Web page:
Bitnation, an ambitious project for the decentralisation of governance using blockchain technology, is offering victims of the current refugee crisis an emergency digital ID and a bitcoin visa card to receive funds from family in the absence of a bank account.
Susanne Templehof, founder of Bitnation, explained the Blockchain Emergency ID is a rudimentary emergency ID, based on the blockchain technology, for individuals who cannot obtain other documents of identification.
The purpose is to cryptographically prove your existence and family relations, recorded on the Horizon blockchain, a distributed public ledger (like an international public notary of sorts).
The ID form generates a QR code which can be used with a cellphone to apply for a Bitcoin Visa Card which can be used throughout Europe and the UK without a bank account.
Templehof said: "We are providing emergency ID and then this visa card because most refugees will be unemployed. They won't be legally able to get a job for several years and they can't open a bank account."
She was talking at an event organised by the Bitcoin and Blockchain Leadership Forum, which is known for being a forward thinking force within this space.
Templehof added that allowing payment directly to bitcoin debit cards rather than solely relying on aid organisations spares people in crisis some added humiliation: "if you are an adult man, you are used to providing for your family and then you have to wait for handouts of blankets and food from charities.
"We also provide family services like maps where people can say, 'I lost this person here - I'm in Germany'. So it's basically all built around families uniting again."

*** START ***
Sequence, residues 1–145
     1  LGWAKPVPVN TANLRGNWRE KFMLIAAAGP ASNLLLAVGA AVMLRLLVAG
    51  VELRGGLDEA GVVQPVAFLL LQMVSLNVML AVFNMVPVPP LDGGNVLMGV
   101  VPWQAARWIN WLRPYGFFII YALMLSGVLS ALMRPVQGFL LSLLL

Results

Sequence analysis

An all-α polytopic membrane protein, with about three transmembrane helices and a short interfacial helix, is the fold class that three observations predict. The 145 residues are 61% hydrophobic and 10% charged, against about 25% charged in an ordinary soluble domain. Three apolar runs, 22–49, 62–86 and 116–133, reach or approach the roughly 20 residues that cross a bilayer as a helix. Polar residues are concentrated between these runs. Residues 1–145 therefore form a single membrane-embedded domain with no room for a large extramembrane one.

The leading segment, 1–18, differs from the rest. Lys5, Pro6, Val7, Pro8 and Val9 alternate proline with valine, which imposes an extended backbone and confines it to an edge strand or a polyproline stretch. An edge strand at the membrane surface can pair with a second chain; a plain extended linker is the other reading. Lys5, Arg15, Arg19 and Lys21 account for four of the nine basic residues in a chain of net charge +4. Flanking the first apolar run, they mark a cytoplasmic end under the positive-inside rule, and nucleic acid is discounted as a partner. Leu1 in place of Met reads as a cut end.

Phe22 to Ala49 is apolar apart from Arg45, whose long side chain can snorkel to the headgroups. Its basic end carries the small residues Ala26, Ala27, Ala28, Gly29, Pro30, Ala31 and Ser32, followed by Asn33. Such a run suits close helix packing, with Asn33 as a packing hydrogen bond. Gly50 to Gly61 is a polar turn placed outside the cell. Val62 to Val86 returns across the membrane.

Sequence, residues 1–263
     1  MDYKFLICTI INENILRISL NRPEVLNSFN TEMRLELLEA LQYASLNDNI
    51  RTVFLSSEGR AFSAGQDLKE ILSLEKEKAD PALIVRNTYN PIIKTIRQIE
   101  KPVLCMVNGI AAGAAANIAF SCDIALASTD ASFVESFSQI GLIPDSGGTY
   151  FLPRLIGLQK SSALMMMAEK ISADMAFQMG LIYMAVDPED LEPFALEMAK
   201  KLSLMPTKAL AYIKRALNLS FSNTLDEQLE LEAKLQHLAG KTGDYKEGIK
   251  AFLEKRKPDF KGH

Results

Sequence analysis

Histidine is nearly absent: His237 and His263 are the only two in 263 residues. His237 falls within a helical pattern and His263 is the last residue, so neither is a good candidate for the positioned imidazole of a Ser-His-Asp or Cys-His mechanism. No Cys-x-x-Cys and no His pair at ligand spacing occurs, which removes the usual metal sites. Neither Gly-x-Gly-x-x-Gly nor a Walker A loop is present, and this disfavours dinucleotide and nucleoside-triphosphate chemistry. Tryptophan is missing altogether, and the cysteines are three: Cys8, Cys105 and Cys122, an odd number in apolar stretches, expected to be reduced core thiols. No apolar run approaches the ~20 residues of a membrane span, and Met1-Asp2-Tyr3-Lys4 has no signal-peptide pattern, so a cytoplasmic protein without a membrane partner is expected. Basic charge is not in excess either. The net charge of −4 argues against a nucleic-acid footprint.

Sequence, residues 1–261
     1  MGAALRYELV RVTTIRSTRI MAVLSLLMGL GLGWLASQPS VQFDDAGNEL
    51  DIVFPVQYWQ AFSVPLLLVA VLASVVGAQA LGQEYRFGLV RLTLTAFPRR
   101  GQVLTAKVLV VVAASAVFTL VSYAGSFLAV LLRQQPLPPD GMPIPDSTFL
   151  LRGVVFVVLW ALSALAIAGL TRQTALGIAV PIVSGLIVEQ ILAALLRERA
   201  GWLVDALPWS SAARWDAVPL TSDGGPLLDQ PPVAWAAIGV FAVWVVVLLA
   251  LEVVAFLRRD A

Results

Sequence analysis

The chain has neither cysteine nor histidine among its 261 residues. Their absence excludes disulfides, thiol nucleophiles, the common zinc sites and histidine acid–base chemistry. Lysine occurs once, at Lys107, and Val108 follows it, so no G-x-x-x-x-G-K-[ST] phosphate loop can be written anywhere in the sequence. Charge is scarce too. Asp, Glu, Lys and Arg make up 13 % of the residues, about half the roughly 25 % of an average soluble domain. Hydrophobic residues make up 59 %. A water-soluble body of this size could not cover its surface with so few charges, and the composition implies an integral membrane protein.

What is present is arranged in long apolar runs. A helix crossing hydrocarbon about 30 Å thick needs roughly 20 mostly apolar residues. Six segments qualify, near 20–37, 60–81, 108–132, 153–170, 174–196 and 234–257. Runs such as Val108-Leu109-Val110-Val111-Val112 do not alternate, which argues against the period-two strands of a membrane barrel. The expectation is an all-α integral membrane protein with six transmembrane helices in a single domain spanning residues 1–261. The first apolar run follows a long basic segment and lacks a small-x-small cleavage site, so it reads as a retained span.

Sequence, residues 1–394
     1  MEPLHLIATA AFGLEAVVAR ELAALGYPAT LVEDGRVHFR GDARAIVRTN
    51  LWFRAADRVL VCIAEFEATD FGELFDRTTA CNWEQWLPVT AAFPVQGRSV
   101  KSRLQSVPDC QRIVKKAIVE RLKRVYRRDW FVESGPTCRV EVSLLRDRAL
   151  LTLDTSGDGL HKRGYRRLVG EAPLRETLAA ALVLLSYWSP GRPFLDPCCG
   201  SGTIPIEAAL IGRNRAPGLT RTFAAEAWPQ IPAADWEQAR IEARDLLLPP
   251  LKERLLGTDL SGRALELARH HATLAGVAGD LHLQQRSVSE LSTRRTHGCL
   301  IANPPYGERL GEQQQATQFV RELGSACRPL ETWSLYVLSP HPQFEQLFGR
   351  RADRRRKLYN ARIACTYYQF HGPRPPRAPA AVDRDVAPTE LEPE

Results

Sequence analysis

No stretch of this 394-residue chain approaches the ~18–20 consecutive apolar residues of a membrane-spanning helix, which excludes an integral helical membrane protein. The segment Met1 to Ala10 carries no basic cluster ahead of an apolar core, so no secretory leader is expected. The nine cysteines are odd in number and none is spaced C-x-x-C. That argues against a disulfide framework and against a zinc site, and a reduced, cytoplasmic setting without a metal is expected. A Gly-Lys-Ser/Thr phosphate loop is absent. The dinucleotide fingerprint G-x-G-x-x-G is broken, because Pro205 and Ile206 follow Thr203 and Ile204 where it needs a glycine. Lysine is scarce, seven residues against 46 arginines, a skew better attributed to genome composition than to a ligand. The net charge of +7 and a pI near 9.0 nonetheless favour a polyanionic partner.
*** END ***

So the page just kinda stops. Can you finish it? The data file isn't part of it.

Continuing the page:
The current refugee crisis in Europe highlights a problem in society which Templehof labels one of the most criminal parts of our existing legacy system – borders.
"I would like to see all legacy systems disappear, the most important being borders. That is the most criminal one. Just because you are born in the wrong area with a piece of paper you can be subject to a horrible government or famine or starvation."
More generally, the project aims for mass adoption to eventually "out-compete governments by providing the same services cheaper and better through the blockchain".
"We don't allow monopolies or oligopolies - why do we accept it when it comes to government services?"
Bitnation's core services are ID and reputation and dispute resolution and public registries. Other services include insurance, security, marriage, death certificates, land titles.
Templehof compared governments to services available on the internet like Facebook or Linked-in. "Just because we are born in one area we have to use one service provider. That is absurd to me. It's as absurd as only being allowed to visit one single website because you are born in a certain geographical area," she said.
Incorporating a company could be done in 20 minutes and cost $2, instead of two weeks and £100; a bank might not recognise it but your customers will, said Templehof.
"And with bitcoin we don't need banks any more."
She added: "To get married on the blockchain would take you ten minutes between writing the contract and time-stamping it.
Templehof warned that the intrinsic immutability of blockchain systems means it could be very hard to get a divorce, however, suggesting short term marriage contracts of four or five years at a time.